If your dissatisfaction with work tasks is resulting from a recent promotion, ask yourself whether this situation causes you to feel out of your comfort zone? In what ways is this a good stretch for you? For example, “I’ve been promoted to manager and I don’t have good people skills. I could benefit by both working on my people skills and identify project team leaders in my team to help with the management tasks.”

 

After you’ve evaluated each area of your career life, ask yourself:

 

a. What do I have control of? I could identify project leads to be responsible for team tasks so that I don’t have to spend my time micro managing. I can ask my boss for help with learning new tasks such as performance appraisals. I can oversee and provide input on functional areas to stay engaged with my area of expertise.

 

b. What can I not change? Can you live with this? In order to advance in my career within this company, I must take on managerial roles. If I decide that I am not interested in managerial roles at all, I will need to identify senior positions in other companies or identify alternative ways to advance in my area of expertise.

 

c. Is this temporary? If yes, what resources do I need to assist me in the transition? If it’s not temporary, consider what you can do to adapt or transition. If it is temporary utilizing support resources can help you while the change is uncomfortable.

 

So now that you’ve asked yourself these questions, what is the problem with your current career situation? What do you want instead? Go back and look at each area you were dissatisfied with and ask yourself, what would you rather have. This provides initial clues as to what a better fit would look like.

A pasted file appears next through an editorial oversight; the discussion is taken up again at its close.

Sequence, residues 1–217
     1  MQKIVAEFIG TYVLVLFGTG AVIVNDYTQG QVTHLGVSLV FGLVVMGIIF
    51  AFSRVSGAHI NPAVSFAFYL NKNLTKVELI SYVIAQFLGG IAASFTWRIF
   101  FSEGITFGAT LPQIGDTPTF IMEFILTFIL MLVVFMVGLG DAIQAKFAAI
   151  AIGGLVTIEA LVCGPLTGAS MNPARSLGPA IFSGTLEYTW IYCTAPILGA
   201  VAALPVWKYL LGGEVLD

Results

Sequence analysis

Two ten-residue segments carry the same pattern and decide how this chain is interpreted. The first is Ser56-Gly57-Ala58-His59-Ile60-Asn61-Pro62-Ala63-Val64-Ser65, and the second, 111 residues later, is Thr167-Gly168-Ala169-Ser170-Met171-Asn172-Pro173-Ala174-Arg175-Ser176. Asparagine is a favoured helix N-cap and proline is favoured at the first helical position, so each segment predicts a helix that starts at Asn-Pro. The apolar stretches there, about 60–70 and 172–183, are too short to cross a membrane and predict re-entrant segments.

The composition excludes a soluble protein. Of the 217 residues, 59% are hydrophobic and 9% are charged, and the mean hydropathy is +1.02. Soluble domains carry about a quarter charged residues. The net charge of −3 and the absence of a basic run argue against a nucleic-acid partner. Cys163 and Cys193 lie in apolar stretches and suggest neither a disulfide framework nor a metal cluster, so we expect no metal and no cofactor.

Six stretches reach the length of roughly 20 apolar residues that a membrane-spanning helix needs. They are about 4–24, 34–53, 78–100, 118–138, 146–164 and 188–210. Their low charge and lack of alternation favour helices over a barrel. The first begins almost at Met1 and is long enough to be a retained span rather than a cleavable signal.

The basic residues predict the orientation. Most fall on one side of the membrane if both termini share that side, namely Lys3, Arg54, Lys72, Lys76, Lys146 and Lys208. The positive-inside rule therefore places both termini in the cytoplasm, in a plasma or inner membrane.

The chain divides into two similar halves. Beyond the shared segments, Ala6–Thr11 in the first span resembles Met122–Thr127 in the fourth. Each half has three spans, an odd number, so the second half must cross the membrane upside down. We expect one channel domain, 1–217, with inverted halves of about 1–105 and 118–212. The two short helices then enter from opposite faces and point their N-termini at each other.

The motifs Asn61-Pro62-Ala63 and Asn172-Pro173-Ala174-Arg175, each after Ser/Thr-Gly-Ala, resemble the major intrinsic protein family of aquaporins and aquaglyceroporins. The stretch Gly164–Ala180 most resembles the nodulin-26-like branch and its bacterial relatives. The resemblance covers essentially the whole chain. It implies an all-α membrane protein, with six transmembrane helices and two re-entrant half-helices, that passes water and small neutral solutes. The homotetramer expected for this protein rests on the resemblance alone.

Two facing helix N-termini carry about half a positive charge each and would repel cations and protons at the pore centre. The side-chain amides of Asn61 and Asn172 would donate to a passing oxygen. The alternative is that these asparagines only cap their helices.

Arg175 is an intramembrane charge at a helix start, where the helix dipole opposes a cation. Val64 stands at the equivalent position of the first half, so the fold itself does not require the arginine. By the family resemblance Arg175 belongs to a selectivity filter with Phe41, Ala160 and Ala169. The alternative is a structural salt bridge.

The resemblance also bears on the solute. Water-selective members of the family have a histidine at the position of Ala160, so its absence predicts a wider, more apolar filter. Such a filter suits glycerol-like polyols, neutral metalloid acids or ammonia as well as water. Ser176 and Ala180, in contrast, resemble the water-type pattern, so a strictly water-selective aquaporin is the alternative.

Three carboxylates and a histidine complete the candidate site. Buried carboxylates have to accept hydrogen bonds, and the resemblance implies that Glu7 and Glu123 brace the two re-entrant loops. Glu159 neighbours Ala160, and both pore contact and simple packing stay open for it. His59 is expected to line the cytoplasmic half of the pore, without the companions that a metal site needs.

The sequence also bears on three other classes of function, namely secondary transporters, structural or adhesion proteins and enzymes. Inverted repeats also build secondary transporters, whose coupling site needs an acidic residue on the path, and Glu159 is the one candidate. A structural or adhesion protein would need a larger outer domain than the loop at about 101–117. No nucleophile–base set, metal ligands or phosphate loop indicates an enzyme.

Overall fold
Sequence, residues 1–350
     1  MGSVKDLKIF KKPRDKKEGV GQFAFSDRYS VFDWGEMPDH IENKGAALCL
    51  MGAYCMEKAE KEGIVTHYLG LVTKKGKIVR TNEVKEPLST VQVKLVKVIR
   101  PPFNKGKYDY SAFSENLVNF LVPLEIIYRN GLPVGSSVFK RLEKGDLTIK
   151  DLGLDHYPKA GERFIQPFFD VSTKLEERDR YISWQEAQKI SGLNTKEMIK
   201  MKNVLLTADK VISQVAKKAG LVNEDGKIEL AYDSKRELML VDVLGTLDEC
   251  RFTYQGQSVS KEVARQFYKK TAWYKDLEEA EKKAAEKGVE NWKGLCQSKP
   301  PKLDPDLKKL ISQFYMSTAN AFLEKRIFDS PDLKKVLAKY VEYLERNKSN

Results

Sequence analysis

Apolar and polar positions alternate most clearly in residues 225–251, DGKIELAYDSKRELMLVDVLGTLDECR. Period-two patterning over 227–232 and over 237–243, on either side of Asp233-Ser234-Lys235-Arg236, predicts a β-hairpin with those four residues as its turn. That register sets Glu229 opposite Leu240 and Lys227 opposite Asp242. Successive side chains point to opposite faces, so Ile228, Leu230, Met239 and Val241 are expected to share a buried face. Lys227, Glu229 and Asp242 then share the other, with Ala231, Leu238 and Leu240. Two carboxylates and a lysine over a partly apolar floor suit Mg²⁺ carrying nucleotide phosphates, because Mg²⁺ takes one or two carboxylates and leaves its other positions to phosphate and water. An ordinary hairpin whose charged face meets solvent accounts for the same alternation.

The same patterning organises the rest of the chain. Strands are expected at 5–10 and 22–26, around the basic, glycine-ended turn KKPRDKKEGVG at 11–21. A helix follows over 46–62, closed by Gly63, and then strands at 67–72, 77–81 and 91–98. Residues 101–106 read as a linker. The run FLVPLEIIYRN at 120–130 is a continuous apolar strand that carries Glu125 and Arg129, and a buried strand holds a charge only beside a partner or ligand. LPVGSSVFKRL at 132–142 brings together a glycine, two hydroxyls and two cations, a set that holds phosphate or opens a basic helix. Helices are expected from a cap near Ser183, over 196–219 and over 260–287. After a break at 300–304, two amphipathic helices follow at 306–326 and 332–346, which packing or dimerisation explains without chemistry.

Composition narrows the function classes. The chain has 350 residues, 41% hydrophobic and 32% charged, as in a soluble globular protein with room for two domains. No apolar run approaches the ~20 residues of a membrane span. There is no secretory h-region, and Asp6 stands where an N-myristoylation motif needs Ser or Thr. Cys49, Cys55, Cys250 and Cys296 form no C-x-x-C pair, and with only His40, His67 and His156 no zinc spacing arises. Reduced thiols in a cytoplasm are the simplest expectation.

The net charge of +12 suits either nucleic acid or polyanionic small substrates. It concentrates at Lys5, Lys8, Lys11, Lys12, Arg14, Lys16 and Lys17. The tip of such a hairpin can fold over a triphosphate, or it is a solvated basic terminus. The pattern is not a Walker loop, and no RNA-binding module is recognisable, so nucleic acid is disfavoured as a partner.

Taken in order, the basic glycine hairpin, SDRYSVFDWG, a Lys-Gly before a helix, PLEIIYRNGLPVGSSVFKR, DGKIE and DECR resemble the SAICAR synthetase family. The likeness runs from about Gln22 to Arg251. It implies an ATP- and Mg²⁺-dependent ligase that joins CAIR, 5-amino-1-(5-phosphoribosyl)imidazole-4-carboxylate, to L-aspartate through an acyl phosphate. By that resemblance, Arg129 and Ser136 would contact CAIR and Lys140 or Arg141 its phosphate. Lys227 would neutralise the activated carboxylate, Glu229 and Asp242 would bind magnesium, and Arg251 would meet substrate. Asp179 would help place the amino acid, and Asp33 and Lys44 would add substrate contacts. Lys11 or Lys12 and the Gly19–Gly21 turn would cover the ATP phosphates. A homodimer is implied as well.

We recommend that you keep track of your responses somewhere in a journal or career diary so that you can build upon your list of preferences and have a list to refer to as you gain new information about yourself and available opportunities.

For additional help in finding a new career, we offer the following resources:

1. Awaken Your Calling Self-Study Course. This course is an 8-week course designed to guide you through each step of our program for creating your inspired career path. The course includes guided exercises to help you create a clear career vision and an action plan to help you achieve those goals.

2. Awaken Your Calling Group Coaching Program. This is an 8-week live group experience conducted via phone giving you the benefit of learning and receiving input from others as well as career coaches.

3. Consult with a career counselor/career coach. Our career counselors in Houston are available to meet with you via phone, skype, or in person whether for a short-term consult or ongoing process. Click here to book an appointment with one of our career counselors.

4. Complete an online career assessment test. For an objective measure of your personality or interests, you can complete an assessment online and receive your results immediately. Click here to take a career assessment test. 

Give us a call to get started now and schedule an appointment at 832-559-2622 or schedule an appointment online.

Rachel Eddins, M.Ed., LPC-S, CGP on Twitter
Rachel Eddins, M.Ed., LPC-S, CGP
Rachel’s passion is to help people discover their personal gifts and strengths to achieve self-acceptance, create a healthy relationship with food, mind and body, and find meaning and fulfillment in work and life roles. She helps people create nurturance and healing from within to restore balance and enoughness and overcome binge eating, emotional eating, anxiety, depression and lack of career fulfillment.